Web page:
• Provide adequate pain management and tetanus vaccination; ensure follow-up care.
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Consultations

See the list below:

  • Consult a dental or oral maxillofacial surgeon for splinting and further evaluation.
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Contributor Information and Disclosures
Author

Lynnus F Peng, MD Assistant Clinical Professor, Department of Anesthesia, University of California at Irvine; Chairman of Anesthesia, Department of Surgery, St Jude Medical Center at Fullerton

Lynnus F Peng, MD is a member of the following medical societies: Alpha Omega Alpha, American Society of Anesthesiologists

Disclosure: Nothing to disclose.

Coauthor(s)

A Antoine Kazzi, MD Deputy Chief of Staff, American University of Beirut Medical Center; Associate Professor, Department of Emergency Medicine, American University of Beirut, Lebanon

A Antoine Kazzi, MD is a member of the following medical societies: American Academy of Emergency Medicine

Disclosure: Nothing to disclose.

Willard Peng, DDS, MS Keck School of Medicine of the University of Southern California

Willard Peng, DDS, MS is a member of the following medical societies: American Dental Association, California Dental Association

Disclosure: Nothing to disclose.

Rebecca Cheng Loma Linda University School of Medicine

Disclosure: Nothing to disclose.

Specialty Editor Board

Francisco Talavera, PharmD, PhD Adjunct Assistant Professor, University of Nebraska Medical Center College of Pharmacy; Editor-in-Chief, Medscape Drug Reference

Disclosure: Received salary from Medscape for employment. for: Medscape.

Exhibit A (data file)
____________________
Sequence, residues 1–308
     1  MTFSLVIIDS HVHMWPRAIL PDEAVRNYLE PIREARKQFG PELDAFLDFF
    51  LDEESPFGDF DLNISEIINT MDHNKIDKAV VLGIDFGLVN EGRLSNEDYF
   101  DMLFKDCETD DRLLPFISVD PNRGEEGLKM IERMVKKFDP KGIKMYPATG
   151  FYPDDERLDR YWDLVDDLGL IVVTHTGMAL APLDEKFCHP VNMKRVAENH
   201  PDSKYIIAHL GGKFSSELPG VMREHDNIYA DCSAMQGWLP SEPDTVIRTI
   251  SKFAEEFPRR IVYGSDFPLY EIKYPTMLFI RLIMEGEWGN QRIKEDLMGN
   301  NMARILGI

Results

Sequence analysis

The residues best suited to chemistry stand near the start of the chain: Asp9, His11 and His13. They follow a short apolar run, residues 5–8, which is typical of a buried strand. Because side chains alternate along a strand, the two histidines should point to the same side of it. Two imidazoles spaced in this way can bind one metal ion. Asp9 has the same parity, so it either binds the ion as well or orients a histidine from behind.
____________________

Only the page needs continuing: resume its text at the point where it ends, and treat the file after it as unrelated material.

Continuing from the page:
Chief Editor

Barry E Brenner, MD, PhD, FACEP Professor of Emergency Medicine, Professor of Internal Medicine, Program Director for Emergency Medicine, Case Medical Center, University Hospitals, Case Western Reserve University School of Medicine

Barry E Brenner, MD, PhD, FACEP is a member of the following medical societies: Alpha Omega Alpha, American Heart Association, American Thoracic Society, Arkansas Medical Society, New York Academy of Medicine, New York Academy of Sciences, Society for Academic Emergency Medicine, American Academy of Emergency Medicine, American College of Chest Physicians, American College of Emergency Physicians, American College of Physicians

Disclosure: Nothing to disclose.

Additional Contributors

Michael Glick, DMD Dean, University of Buffalo School of Dental Medicine

Michael Glick, DMD is a member of the following medical societies: American Academy of Oral Medicine, American Dental Association

Disclosure: Nothing to disclose.

Acknowledgements

Mark W Fourre, MD Associate Clinical Professor, Department of Surgery, University of Vermont School of Medicine; Program Director, Department of Emergency Medicine, Maine Medical Center

Disclosure: Nothing to disclose.

References